|Barclays Capital Inc. Action|
Goldman, Sachs & Co. Action
Merrill Lynch, Pierce, Fenner & Smith, Inc. Action
Wedbush Securities, Inc. Complaint
Washington — The Financial Industry Regulatory Authority (FINRA) today announced it has censured and fined Barclays Capital Inc.; Goldman, Sachs & Co.; and Merrill Lynch, Pierce, Fenner & Smith, Inc., $1 million each for failing to provide complete and accurate information about trades performed by the firms and their customers, commonly known as "blue sheet" data, to FINRA, the SEC and other regulators. In addition, FINRA issued a complaint against Wedbush Securities, Inc., for failing to submit complete and accurate blue sheets.
Blue sheets provide regulators with detailed information about trades performed by a firm and its customers, including the security's name, date traded, price, transaction size and parties involved. Regulators use the data to identify trading anomalies and investigate potential insider trading or other market manipulations. Federal securities laws and FINRA rules require firms to provide this information to FINRA and other regulators electronically upon request.
Cameron Funkhouser, Executive Vice President and Head of FINRA's Office of Fraud Detection and Market Intelligence, said, "Blue sheets are mission-critical to conducting reviews and investigations of suspicious trading. When firms fail to submit timely and accurate blue sheet data, it compromises the ability of every regulator to identify the perpetrators of illegal insider trading and other market abuses. The actions announced today are a reminder to firms about their fundamental obligation to provide complete and accurate blue sheet data without exception."
FINRA found the firms' violations included submissions that failed to include some customer names and contact information, failed to include some transactions, contained incorrect name and contact information for some customers, or contained inaccurate details of the transactions. The violations arose from problems with the firms' electronic systems used to compile and produce blue sheet data. FINRA also found that the firms failed to have in place adequate audit systems providing for accountability of their blue sheet submissions. FINRA ordered the firms to certify that they have conducted a comprehensive review of their systems related to blue sheet submissions, and to certify that they have established procedures reasonably designed to address and correct the violations.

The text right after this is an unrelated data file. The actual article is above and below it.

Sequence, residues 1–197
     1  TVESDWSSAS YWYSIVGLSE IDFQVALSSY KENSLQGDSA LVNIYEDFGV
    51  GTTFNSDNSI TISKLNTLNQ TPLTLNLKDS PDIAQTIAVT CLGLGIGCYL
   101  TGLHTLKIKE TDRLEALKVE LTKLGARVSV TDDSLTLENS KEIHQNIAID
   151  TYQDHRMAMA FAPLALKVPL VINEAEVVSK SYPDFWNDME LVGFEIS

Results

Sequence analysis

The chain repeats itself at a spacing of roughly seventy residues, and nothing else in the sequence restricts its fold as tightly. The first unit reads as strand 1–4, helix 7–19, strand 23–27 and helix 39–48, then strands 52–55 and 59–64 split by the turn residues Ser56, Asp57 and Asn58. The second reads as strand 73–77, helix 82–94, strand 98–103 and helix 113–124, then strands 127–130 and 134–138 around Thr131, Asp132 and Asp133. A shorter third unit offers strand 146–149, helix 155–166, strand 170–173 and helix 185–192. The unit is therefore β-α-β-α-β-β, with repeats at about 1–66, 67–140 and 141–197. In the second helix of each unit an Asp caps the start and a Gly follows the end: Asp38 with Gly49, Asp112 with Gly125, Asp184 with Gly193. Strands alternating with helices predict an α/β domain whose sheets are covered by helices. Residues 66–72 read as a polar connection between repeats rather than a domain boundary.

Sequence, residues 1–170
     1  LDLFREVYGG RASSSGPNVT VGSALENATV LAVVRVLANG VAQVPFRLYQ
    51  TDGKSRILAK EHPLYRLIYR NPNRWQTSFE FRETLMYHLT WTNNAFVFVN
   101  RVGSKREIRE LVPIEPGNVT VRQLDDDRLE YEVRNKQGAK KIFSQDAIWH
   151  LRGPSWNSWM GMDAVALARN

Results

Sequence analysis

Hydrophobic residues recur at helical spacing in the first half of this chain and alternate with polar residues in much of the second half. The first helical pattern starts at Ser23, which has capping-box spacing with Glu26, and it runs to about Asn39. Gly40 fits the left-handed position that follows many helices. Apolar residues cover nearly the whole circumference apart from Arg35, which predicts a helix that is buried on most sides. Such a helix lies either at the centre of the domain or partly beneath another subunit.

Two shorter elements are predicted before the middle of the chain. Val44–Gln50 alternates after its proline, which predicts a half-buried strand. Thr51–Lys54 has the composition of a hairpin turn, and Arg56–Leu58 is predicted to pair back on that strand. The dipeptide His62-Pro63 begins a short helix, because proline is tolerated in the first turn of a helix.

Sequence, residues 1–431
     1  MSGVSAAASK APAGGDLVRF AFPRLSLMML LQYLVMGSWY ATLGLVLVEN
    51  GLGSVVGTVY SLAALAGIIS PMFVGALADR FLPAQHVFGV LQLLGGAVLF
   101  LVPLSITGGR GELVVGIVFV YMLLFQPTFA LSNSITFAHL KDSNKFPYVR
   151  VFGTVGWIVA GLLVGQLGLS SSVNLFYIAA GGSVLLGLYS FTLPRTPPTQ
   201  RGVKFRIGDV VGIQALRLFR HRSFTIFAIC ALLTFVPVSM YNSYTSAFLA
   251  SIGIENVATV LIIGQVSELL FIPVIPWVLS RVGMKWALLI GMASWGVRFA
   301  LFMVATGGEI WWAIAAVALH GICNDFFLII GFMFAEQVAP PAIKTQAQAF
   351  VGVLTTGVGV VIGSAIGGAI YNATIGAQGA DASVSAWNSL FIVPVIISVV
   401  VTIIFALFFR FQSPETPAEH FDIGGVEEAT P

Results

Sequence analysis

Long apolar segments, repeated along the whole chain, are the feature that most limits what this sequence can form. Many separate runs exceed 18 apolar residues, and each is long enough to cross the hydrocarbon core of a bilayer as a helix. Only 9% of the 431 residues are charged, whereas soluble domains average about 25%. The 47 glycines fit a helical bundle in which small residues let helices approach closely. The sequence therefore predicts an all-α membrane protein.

Each firm has a prior regulatory history involving the submission of inaccurate blue sheet data.
In settling these matters, Barclays, Goldman Sachs and Merrill Lynch neither admitted nor denied the charges, but consented to the entry of FINRA's findings.
The Wedbush complaint is not yet adjudicated. Under FINRA rules, a firm or individual named in a complaint can file a response and request a hearing before a FINRA disciplinary panel. Possible remedies include a fine, censure, suspension or expulsion from the securities industry; disgorgement of gains associated with the violations; and payment of restitution. The issuance of a disciplinary complaint represents FINRA's initiation of a formal proceeding in which findings as to the allegations in the complaint have not been made, and does not represent a decision as to any of the allegations contained in the complaint. Because the complaint is unadjudicated, the respondents should be contacted before drawing any conclusions regarding the allegations in the complaint.
FINRA's investigation was conducted by the Office of Fraud Detection and Market Intelligence, and the Department of Enforcement.
Investors can obtain more information about, and the disciplinary record of, any FINRA-registered broker or brokerage firm by using FINRA's BrokerCheck. FINRA makes BrokerCheck available at no charge. In 2013, members of the public used this service to conduct 16.5 million reviews of broker or firm records. Investors can access BrokerCheck at www.finra.org/brokercheck or by calling (800) 289-9999. Investors may find copies of this disciplinary action as well as other disciplinary documents in FINRA's Disciplinary Actions Online database.
FINRA, the Financial Industry Regulatory Authority, is the largest independent regulator for all securities firms doing business in the United States. FINRA is dedicated to investor protection and market integrity through effective and efficient regulation and complementary compliance and technology-based services. FINRA touches virtually every aspect of the securities business – from registering and educating all industry participants to examining securities firms, writing rules, enforcing those rules and the federal securities laws, informing and educating the investing public, providing trade reporting and other industry utilities, and administering the largest dispute resolution forum for investors and firms. For more information, please visit www.finra.org.